Accepting loss and pain in life and investing

Before I start today’s post, I have a quick announcement to make.

I run personal workshops on Value Investing in –

  • Bengaluru: Sunday, April 7
  • Bombay: Sunday, April 14
  • Dallas (USA): Saturday, April 27
  • New York (USA): Saturday, May 11

If you are in or around these cities and want to wait, please register here.

Embrace the pain, in life and investing

I recently read a newspaper headline that called a 1% drop in the stock market a “bloodbath” and described how investors had to suffer the “pain” of losing a small portion of their wealth quickly.

It got me thinking about how our perception of pain and loss, especially in investing, has changed over the years. And it reminded me of my own journey with understanding and embracing discomfort.

I was the same way years ago. Even the smallest failure in life or the stock market felt like a major disaster. I was in constant denial of the pain, preferring to ignore it rather than face it. This fear of pain made me overly cautious and frankly, it caused me to miss out on a lot of opportunities to invest in great businesses.

One category was companies with a small amount of debt on their balance sheet. Since I have a great aversion to debt, I also avoided companies with even a small amount of debt on their balance sheet. While being uncomfortable with debt has helped me stay secure in my financial life, over time I’ve realized that I’ve also lost out on some great businesses because of this discomfort.

But then something clicked. I realized that discomfort and pain in all their forms are inevitable. It is not something to fear, but to understand and embrace. This change in perspective did not happen overnight. It was a slow process of learning from the best investors in the world and facing challenges head on instead of running away from them.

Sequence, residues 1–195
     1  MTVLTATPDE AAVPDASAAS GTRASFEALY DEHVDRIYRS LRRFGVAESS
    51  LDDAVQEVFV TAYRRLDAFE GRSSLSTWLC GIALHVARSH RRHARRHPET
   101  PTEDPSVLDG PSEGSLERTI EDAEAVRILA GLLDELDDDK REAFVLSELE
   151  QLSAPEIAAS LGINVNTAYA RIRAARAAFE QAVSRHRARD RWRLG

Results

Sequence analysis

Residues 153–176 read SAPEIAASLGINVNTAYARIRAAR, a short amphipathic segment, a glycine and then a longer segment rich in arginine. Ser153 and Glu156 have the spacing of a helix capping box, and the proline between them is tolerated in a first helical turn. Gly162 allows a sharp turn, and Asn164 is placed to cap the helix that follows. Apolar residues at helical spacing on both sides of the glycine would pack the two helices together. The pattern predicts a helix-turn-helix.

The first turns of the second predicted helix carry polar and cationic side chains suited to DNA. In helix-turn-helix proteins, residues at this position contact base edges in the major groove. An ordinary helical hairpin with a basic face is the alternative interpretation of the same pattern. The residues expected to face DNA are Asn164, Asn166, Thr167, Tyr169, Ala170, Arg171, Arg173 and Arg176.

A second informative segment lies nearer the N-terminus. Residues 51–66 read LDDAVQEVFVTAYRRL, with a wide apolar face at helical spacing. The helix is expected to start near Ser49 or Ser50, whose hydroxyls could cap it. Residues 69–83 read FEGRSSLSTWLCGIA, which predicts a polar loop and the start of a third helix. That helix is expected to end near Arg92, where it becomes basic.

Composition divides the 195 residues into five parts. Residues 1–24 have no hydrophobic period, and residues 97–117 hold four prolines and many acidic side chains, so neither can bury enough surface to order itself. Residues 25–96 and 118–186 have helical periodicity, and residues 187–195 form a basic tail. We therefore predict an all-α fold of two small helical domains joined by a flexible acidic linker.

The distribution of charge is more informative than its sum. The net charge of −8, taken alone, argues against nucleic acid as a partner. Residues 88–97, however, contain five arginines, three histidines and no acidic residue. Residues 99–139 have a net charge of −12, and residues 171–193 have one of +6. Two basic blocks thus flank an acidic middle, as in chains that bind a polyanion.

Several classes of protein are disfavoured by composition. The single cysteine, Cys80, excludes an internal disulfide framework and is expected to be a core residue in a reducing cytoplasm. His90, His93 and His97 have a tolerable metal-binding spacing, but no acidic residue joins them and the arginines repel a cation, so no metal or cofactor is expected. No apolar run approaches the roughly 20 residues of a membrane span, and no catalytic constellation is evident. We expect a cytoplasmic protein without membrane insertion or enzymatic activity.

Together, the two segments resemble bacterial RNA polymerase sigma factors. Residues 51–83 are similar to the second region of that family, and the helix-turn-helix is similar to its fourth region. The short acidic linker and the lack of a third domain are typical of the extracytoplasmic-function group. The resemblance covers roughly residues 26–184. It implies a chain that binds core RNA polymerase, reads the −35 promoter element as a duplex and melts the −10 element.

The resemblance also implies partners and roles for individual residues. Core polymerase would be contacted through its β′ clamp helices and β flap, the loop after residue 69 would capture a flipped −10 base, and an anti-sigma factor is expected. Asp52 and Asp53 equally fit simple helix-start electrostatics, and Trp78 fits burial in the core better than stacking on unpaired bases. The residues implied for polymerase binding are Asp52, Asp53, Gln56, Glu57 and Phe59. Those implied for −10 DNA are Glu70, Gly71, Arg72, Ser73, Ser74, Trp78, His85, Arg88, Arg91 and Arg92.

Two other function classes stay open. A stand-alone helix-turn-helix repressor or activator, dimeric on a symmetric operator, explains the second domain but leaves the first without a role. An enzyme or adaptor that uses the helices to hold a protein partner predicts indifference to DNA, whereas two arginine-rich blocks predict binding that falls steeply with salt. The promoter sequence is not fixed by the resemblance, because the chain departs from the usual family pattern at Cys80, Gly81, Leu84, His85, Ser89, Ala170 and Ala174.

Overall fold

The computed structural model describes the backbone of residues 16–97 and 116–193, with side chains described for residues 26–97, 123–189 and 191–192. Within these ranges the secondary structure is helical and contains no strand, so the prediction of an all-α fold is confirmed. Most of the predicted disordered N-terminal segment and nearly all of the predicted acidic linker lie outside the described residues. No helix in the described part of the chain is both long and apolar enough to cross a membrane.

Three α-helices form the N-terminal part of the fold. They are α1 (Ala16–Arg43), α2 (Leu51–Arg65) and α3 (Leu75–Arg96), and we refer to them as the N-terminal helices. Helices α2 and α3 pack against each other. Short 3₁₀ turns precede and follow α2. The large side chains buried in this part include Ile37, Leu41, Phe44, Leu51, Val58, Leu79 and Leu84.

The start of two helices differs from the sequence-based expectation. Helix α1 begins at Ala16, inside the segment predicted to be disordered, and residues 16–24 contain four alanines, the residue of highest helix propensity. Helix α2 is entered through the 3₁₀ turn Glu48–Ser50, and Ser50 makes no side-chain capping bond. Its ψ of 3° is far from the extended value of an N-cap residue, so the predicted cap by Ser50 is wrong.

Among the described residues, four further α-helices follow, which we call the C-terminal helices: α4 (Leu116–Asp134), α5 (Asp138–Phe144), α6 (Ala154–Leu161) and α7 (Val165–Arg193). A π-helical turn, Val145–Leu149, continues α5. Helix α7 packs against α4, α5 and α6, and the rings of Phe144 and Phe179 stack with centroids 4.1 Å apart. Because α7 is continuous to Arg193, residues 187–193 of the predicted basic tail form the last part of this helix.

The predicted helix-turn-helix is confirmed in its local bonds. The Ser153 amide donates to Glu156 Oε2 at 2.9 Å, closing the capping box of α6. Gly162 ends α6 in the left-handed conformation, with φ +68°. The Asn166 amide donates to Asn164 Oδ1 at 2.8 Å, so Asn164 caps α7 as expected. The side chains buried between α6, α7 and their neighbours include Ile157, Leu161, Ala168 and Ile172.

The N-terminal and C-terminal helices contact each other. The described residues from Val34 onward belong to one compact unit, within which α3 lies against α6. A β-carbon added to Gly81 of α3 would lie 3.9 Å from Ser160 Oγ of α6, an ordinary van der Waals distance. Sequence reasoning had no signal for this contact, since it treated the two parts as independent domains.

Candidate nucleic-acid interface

In my personal life, this has meant acknowledging difficult emotions and situations instead of sweeping them under the rug. These things were hard to face, but with each challenge I faced, I found myself growing stronger and more resilient.

And in investing, that meant redefining what a “blood bath” actually was. A drop in the stock market of 1% or even 10 or 20% was not the end of the world. It was a natural part of the investment cycle. I learned to look past the short-term pain and focus on the long-term gains. I began to see the losses as lessons, each one teaching me something valuable about the market and my risk tolerance. I learned to see investing as a way to make money and a journey with ups and downs. Losses were no longer just setbacks; they were lessons. With each failure, I was more prepared for the next decision.

This journey has taught me that raising your pain threshold – in life and investing – is essential. It’s not just about enduring the discomfort; it’s about accepting it as part of the growth process. As Kahlil Gibran said, pain in a way breaks the shell that closes our understanding, allows us to see things from a new perspective, learn and evolve.

So if you’re reading this and wondering about your relationship to pain and discomfort in life and investing, know that it’s a path worth taking. Know that it’s okay to feel overwhelmed at times. It’s okay to be afraid. The important thing is that you don’t let that fear hold you back. You embrace the pain, learn from it, and let it lead you to a stronger and wiser self.

As Jeremy Bentham, the 18th century philosopher, famously asked…

The question is not “can you think rationally?” or ‘can you speak?’ but ‘canst thou suffer?’

If you can suffer through the pain and discomfort that life and the stock market can sometimes throw at you, you may not end up with a lot of rich people… but a peaceful life.

What more do you want?

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